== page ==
When something like ninety percent of the public is skeptical to one degree or another of the theory of evolution, how should educational authorities address this controversial subject. I said they should teach the controversy. A simple, a three-word soundbite to explain the principle: teach the controversy. Teach what the official voices of science say. That’s knowledge students should have. But they should also learn why many people believe that what they are being told is philosophy a rather than fact. It makes claims which have not actually been established by the scientific method of careful observation and especially repeatable experiments that one scientist does and another can repeat. This method of scientific evaluation is not what is behind the Darwinian theory of evolution, rather it is a philosophical claim. I said that students should be taught the controversy, should know why it’s controversial.
So a senator, Rick Santorum, sent a message to me after this and said that as the president’s Leave no Child Behind Education Act was up before the Senate at that time, he wanted to introduce a Teach the Controversy resolution as an amendment to the bill. I wasn’t at all sure that the senator would get more than a handful of votes for this so I didn’t know if it was a good idea or not. But, I wanted him to have a good amendment to proceed with, so I sat down and drafted one, as a staff assistant might do. What I drafted was a resolution for the United States Senate to pass that read as follows:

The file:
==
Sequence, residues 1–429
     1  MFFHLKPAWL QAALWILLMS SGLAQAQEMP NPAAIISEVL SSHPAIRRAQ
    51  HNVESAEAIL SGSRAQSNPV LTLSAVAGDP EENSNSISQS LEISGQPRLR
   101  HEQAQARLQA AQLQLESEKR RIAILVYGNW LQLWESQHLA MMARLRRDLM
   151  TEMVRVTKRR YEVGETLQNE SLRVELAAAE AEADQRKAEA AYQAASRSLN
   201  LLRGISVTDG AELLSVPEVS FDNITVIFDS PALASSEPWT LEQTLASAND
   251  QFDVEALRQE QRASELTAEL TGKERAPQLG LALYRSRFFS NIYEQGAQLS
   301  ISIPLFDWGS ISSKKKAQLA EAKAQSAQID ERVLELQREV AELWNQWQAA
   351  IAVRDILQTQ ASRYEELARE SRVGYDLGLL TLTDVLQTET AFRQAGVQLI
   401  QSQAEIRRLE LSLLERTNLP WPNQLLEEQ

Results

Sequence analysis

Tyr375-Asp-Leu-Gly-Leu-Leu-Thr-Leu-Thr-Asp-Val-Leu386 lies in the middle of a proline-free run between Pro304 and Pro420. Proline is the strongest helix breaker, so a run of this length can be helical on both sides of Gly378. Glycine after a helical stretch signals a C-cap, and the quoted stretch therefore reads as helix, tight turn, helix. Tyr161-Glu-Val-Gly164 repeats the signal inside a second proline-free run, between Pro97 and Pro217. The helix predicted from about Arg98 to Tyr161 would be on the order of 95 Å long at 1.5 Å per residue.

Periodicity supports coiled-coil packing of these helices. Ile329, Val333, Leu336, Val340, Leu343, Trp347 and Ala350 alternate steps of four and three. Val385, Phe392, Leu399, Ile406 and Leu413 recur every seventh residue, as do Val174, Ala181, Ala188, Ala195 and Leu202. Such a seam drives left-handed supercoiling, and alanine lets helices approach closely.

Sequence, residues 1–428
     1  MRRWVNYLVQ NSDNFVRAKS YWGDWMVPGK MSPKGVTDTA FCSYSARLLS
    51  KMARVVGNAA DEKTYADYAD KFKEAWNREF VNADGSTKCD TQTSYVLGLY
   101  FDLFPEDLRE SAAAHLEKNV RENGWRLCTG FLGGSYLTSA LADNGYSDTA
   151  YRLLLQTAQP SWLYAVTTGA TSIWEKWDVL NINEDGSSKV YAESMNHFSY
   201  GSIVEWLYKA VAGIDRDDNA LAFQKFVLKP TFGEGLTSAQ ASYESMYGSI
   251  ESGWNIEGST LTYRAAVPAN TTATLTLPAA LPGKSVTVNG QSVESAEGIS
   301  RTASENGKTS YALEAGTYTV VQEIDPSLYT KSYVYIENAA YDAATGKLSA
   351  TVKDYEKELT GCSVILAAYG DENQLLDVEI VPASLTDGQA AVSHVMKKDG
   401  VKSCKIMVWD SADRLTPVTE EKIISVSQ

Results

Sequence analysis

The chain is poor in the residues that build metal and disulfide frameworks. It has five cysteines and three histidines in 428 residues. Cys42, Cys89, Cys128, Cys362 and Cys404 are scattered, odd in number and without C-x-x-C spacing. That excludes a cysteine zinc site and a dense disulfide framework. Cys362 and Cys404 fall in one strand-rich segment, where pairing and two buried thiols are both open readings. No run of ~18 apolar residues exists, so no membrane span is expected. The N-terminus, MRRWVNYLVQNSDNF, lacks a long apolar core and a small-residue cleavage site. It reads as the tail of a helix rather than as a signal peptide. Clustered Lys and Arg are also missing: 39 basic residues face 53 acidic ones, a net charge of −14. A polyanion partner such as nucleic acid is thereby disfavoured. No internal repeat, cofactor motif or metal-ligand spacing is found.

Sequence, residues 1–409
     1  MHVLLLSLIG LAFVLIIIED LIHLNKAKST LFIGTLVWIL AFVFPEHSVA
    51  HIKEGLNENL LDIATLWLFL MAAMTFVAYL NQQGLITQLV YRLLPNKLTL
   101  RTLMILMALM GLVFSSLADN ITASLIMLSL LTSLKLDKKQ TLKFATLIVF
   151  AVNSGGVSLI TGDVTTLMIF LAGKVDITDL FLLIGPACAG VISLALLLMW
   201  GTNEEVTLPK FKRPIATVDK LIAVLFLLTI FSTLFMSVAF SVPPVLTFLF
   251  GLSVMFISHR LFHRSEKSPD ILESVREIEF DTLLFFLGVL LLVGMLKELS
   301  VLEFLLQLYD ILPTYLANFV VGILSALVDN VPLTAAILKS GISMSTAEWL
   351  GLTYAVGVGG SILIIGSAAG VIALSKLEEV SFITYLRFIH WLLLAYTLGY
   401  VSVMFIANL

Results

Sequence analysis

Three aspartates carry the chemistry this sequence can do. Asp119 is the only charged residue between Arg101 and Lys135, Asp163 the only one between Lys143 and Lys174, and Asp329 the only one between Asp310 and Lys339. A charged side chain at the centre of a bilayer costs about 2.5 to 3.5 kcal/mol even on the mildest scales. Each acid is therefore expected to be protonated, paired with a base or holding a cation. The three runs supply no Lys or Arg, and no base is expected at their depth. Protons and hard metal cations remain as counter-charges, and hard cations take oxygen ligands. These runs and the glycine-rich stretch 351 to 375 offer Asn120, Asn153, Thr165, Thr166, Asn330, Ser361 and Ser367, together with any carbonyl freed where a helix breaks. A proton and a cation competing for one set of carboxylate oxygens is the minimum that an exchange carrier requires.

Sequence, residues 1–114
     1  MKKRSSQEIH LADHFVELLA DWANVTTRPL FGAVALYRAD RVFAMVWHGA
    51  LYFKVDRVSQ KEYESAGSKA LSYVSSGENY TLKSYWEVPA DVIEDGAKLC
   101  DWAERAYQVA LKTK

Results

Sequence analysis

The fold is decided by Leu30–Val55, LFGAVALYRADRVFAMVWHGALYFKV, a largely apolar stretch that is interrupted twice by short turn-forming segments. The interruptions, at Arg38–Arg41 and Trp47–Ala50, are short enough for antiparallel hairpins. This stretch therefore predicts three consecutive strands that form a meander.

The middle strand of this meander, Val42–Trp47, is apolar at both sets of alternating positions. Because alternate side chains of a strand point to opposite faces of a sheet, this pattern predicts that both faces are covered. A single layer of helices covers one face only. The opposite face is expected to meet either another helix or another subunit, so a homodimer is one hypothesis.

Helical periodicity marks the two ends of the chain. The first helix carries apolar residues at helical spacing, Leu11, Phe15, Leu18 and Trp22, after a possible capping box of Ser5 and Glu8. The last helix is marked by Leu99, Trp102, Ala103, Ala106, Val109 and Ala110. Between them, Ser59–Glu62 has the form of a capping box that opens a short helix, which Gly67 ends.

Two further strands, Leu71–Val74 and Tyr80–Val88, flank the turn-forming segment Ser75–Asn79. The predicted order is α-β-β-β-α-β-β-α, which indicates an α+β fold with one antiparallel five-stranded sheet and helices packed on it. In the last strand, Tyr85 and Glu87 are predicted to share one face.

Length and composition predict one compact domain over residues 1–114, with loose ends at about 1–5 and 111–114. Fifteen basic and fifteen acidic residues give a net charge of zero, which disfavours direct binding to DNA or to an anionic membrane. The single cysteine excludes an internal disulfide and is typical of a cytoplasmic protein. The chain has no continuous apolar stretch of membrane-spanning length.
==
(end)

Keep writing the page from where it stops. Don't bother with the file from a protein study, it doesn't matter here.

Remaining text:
It is the sense of the Senate that in two sentences — this is a two-sentence resolution:
Good science education should prepare students to distinguish the data or testable theories of science from philosophical or religious claims that are made in the name of science.
Now that seems to me to be hard to dispute. Isn’t it a good idea that students of science should learn how to distinguish philosophical or religious claims that are made in the name of science from actual data or testable theories that are subject to experiment. It seemed to me that that was an obviously sound principle.
and then the second sentence of the Santorum amendment as it has been called since:
Where biological evolution is taught, the curriculum should help students to understand why this subject generates so much continuing controversy and should prepare the students to be informed participants in public discussions regarding the subject.
The second sentence, you can see, is simply an application of the first sentence to a specific subject. The first sentence has the principal all there. Senator Santorum stated that the purpose of this resolution was to promote intellectual freedom. It was a very liberal resolution.